Network resilience and health checks: By setting timeouts, retry budgets, health checks, and circuit breakers, you can quickly weed unhealthy pods out of the service mesh.

Policy enforcement: Peer TLS authentication, pre-condition checking (whitelists and similar ACL), quota management to avoid service abuse, and/or consumer starvation.

Telemetry, traceability, and troubleshooting: Telemetry is automatically injected in any service pod providing Prometheus-style network and L7 protocol metrics. Istio also dynamically traces the flow and chained connections of your microservices mesh.

How to monitor Istio using Prometheus

One of the major infrastructure enhancements of tunneling your service traffic through the Istio Envoy proxies is that you automatically collect metrics that are fine-grained and provide high-level application information (since they are reported for every service proxy).

These individual metrics are gathered by the Prometheus, but you can also access the Prometheus endpoint.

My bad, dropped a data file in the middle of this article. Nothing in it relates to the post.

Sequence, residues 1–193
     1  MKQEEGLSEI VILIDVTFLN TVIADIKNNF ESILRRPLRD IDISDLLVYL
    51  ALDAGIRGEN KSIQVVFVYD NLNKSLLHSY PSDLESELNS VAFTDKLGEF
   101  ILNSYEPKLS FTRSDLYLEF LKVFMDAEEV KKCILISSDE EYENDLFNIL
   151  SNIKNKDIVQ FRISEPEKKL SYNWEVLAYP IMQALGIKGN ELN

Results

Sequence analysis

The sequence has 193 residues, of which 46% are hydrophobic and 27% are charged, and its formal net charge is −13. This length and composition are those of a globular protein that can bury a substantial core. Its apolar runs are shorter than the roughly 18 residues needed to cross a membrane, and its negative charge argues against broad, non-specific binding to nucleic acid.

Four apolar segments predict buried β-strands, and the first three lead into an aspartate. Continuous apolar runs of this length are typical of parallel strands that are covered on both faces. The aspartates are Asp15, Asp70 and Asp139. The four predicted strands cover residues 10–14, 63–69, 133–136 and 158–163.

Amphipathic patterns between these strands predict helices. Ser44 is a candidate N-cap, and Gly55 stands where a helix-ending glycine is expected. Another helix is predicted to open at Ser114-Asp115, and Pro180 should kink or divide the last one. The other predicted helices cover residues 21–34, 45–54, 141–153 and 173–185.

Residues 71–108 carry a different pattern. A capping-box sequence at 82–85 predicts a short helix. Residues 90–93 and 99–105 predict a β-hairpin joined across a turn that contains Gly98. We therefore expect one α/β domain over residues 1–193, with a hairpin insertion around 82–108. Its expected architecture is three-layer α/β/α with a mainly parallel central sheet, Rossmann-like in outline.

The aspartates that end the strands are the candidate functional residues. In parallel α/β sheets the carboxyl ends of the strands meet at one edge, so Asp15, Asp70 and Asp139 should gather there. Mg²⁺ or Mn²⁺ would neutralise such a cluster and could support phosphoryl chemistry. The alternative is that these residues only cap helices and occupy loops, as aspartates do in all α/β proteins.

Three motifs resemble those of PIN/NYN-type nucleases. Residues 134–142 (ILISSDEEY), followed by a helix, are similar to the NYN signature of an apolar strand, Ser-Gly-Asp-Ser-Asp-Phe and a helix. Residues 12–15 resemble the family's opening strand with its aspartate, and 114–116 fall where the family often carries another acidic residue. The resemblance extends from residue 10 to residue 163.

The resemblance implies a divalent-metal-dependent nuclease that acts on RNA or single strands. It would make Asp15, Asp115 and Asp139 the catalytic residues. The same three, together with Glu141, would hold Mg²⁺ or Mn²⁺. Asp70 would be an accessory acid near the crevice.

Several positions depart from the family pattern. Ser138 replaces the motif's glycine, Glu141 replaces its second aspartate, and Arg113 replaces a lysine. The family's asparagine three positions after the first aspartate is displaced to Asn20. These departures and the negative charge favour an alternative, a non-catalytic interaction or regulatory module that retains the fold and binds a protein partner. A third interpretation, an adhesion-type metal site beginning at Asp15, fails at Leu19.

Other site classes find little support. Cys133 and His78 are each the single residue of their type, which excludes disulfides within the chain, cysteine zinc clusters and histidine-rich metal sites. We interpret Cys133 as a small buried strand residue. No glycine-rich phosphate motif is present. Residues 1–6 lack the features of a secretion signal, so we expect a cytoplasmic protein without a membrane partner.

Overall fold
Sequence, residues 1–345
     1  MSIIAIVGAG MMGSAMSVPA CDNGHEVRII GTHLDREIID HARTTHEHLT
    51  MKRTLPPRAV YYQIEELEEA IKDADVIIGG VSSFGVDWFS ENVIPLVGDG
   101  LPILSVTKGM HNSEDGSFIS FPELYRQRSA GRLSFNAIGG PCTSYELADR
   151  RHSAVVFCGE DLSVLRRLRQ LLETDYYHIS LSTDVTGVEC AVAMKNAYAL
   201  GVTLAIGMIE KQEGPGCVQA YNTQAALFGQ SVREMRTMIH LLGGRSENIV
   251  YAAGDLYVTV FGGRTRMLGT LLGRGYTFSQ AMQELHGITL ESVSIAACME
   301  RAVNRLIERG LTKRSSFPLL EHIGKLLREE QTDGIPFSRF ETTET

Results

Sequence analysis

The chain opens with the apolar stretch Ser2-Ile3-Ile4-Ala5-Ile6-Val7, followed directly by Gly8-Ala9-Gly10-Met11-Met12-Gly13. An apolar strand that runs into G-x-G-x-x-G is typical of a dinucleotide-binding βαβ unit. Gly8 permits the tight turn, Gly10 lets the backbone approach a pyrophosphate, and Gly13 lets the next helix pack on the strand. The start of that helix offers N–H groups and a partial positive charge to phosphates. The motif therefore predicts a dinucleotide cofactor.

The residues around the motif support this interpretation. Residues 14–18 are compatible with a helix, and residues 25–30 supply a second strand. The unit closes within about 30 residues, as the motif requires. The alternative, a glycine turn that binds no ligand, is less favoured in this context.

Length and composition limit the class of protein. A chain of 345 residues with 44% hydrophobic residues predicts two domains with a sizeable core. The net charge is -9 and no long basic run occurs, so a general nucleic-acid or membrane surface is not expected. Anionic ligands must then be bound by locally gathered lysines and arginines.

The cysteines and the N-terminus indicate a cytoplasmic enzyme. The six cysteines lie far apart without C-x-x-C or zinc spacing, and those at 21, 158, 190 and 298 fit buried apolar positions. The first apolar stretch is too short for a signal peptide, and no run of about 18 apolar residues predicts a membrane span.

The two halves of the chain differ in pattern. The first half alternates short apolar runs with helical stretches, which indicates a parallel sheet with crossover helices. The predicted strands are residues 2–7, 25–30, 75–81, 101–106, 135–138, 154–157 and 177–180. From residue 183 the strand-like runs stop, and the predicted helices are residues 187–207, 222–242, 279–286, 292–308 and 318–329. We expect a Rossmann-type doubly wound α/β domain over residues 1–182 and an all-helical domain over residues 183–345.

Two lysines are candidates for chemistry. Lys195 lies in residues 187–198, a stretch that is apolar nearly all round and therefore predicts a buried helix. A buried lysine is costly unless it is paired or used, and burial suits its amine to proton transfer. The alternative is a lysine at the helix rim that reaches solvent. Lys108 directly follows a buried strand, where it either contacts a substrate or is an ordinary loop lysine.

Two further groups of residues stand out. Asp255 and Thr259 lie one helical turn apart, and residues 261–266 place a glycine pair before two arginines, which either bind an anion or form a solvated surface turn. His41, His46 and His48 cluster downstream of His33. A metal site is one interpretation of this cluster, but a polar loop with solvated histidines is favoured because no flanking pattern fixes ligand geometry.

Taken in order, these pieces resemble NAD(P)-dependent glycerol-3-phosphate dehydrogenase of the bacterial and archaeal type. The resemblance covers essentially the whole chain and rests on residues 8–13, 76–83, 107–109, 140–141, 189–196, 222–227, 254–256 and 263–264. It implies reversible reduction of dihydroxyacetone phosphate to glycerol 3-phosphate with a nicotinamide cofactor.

Since mixer is deprecated, the metrics are coming directly from the pods:

  1. pilot (15014): all metrics of Istio. Used to monitor the control plane of Istio.
  2. envoy (15090): raw stats generated by Envoy (and translated from statsd to prometheus).

The Istio project also provides examples and documentation on configuring a Prometheus server to scrape and analyze the most relevant metrics.

kubectl apply -f install/kubernetes/addons/prometheus.yaml

Wait until the pod is ready, and forward the Prometheus server port to your local machine:

kubectl -n istio-system port-forward $(kubectl -n istio-system get pod -l app=prometheus -o jsonpath='{.items[0].metadata.name}') 9090:9090 &

You can now access the Prometheus server UI opening http://localhost:9090/ in your web browser.

monitor Istio with Prometheus

There is also a Grafana deployment pre-configured and ready to test at the Istio repository:

$ kubectl create -f install/kubernetes/addons/grafana.yaml

Again, wait for the pod and service to be up and running, and redirect the Grafana service port:

kubectl -n istio-system port-forward $(kubectl -n istio-system get pod -l app=grafana -o jsonpath='{.items[0].metadata.name}') 3000:3000 &

You can access a pre-populated Dashboard at http://localhost:3000/dashboard/db/istio-dashboard

Monitor Istio with a grafana dashboard

Monitoring Istio: Reference metrics and dashboards

Let’s start monitoring our services and application behavior.